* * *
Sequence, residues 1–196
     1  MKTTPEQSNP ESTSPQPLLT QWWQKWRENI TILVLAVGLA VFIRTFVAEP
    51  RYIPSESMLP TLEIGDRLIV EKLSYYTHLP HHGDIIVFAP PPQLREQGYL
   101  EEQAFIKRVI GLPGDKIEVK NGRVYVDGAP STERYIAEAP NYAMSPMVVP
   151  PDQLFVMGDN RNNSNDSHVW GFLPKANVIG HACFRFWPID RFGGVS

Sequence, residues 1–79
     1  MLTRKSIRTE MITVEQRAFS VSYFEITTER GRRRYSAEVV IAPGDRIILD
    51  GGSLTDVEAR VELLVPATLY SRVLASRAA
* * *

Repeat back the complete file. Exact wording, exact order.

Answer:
Sequence, residues 1–196
     1  MKTTPEQSNP ESTSPQPLLT QWWQKWRENI TILVLAVGLA VFIRTFVAEP
    51  RYIPSESMLP TLEIGDRLIV EKLSYYTHLP HHGDIIVFAP PPQLREQGYL
   101  EEQAFIKRVI GLPGDKIEVK NGRVYVDGAP STERYIAEAP NYAMSPMVVP
   151  PDQLFVMGDN RNNSNDSHVW GFLPKANVIG HACFRFWPID RFGGVS

Sequence, residues 1–79
     1  MLTRKSIRTE MITVEQRAFS VSYFEITTER GRRRYSAEVV IAPGDRIILD
    51  GGSLTDVEAR VELLVPATLY SRVLASRAA